Topic: James Horne Aitken

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James Horne Aitken (Service no. 6/4) was a First World War soldier

(Note: in some documents his middle name is given as: H o r n e, not H o m e)

Pte. J.H. Aitken, Portrait, Auckland Weekly News 1915. AWMMPrivate J.H. Aitken, Service no.  6/4, Canterbury Infantry Battalion, 1st NZEF

James Aitken was born in Christchurch on 16 December 1885 (although some documents have 1875 or 1887), the fourth son of James and Jessie Aitken. He attended Christ’s College and Canterbury University College, and lived at 10 Riccarton Road, Christchurch.

He was well known in many branches of sport and field games. He was a member of the Varsity first fifteen and  relinquished rugby only because of the demands of business on his spare time. He was one of the best mile and half-mile and cross-country runners Canterbury ever had. After giving up athletics he became secretary of the New Zealand Amateur Athletic Association, holding that position for several years. Other sports clubs with which he was connected were the United Tennis Club, as secretary, and the Hagley Golf Club. His life had been an intensely active one, and he had met success in every direction. The Canterbury Rugby Union would be among those who expressed their sympathy.

At the outbreak of war he was Christchurch manager of the Northern Insurance Company, chief agent of the Indemnity Mutual, and a member of the firm Aitken Bros., sharebrokers.

He was a captain in the Queen’s Cadets for some years, but relinquished the commission before the war because of work pressure. He responded to the appeal for recruits for the Expeditionary Force and enlisted as a private. At that time there appeared to be no commission available. He chose to shoulder a rifle and seek promotion from  the ranks when opportunity presented itself, rather than wait at home for a commission.

Initial training began at Addington, with a range at Redcliffs being used for musket practice. He left for the war from Lyttelton on 16 October 1914 on board the Tahiti, arriving in Suez on 3 December. The Battalion camped at Zeitoun, four miles out of Cairo in a sandy and dirty site, where further training was held. While in Cairo he helped organise a dinner at Shepheard’s Hotel for Canterbury men to celebrate Christmas, which was attended by 65. The menu card bears his signature at top left. In late January news was received that the Turks were advancing on the Suez Canal and the Battalion was ordered to garrison posts at El Ferdan and Battery Post. The Turk attack took place early on the morning of 3 February 1915 and was repulsed by the next day. The Battalion remained in the Canal area, manning a few posts north of Ismailia till it returned to Zeitounon 26 February. They embarked on 13 April and landed at Mudros on the island of Lemnos and travelled to Anzac Cove on 25 April where they were immediately involved in heavy fighting. The troops had to attack, over precipitous country totally strange to them, an enemy who was invisible to them, and who was established in formidable defensive positions. Attempts to take Walker’s Ridge commenced on 2 May and Aitken died of wounds on Tuesday, 4 May 1915 near Quinn’s Post, Gallipoli, Turkey and is commemorated on panel 74 of the Lone Pine Memorial in the Lone Pine Cemetery, Anzac, Turkey.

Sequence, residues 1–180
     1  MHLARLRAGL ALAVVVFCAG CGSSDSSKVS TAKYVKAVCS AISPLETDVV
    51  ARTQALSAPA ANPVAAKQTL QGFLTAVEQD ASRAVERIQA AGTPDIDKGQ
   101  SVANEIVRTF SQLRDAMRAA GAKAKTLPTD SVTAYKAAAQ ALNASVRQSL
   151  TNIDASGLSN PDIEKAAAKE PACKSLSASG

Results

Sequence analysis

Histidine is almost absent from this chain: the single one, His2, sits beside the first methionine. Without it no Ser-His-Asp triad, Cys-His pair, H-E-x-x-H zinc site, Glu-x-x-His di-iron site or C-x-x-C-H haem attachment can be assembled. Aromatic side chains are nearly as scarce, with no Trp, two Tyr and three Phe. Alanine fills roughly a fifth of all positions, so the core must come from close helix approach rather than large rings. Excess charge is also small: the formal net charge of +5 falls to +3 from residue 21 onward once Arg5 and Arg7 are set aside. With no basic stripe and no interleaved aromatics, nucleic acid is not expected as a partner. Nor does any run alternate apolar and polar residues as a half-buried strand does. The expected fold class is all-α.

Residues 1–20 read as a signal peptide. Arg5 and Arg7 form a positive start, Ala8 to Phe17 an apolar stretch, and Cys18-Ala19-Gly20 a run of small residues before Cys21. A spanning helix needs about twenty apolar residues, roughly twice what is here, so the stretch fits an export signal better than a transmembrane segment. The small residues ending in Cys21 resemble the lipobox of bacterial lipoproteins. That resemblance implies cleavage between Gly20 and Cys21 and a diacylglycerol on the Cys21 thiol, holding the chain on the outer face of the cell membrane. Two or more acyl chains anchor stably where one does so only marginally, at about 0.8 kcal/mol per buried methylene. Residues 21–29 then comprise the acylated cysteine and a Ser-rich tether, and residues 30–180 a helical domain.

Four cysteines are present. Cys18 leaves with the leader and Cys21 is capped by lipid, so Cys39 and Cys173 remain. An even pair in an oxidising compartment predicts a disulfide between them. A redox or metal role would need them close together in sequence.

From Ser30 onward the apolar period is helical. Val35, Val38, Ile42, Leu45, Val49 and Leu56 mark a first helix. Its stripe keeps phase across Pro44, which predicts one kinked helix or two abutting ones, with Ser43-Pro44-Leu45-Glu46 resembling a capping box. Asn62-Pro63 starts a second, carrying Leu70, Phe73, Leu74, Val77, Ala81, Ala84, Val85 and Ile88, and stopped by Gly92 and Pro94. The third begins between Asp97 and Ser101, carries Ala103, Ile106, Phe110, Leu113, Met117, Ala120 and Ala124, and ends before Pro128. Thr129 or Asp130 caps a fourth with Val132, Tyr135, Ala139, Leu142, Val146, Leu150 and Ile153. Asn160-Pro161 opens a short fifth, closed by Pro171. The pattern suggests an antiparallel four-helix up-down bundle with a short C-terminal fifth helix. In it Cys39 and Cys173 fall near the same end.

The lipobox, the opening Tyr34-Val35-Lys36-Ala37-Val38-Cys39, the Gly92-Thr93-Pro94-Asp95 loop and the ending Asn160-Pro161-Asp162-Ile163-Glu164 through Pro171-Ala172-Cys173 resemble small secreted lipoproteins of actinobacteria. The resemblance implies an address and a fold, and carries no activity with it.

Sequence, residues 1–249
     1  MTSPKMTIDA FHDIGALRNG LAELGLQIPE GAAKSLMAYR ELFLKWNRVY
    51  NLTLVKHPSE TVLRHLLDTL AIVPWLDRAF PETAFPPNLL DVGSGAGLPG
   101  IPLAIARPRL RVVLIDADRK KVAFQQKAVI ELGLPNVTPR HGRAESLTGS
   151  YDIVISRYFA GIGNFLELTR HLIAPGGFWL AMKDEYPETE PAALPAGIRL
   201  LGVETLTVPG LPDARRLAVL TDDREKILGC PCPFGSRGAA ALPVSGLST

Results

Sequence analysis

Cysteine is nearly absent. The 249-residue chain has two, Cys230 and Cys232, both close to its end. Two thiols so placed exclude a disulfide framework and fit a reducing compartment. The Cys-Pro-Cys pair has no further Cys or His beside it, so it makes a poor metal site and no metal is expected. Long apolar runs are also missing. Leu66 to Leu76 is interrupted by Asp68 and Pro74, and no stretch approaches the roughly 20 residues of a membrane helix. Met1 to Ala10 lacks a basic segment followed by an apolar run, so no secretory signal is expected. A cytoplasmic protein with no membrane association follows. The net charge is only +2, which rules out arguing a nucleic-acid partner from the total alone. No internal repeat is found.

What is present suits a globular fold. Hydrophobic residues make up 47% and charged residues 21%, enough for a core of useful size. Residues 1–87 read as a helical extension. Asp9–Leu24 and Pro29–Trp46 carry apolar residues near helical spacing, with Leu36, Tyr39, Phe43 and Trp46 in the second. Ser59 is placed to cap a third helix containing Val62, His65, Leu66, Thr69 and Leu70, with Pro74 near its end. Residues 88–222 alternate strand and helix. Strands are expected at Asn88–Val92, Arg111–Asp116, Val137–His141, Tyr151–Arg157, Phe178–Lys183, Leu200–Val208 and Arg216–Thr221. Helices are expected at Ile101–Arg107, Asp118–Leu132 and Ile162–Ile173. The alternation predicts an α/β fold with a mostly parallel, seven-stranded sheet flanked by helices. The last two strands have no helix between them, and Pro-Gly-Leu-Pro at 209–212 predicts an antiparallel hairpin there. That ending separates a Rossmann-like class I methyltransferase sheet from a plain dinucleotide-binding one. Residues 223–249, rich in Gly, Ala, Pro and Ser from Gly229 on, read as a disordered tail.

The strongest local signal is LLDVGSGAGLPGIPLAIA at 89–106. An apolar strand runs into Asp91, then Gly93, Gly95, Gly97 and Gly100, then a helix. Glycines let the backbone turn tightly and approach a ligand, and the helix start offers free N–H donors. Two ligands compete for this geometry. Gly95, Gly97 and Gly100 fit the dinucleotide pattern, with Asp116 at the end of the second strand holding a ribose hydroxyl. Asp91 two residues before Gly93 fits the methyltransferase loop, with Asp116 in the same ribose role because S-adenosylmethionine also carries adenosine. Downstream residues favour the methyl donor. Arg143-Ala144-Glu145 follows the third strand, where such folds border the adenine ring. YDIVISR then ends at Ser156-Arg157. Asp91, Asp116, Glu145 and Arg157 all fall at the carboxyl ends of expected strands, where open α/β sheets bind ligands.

He was orderly to General Sir Alexander Godley who wrote to his brother, as reported in The Press: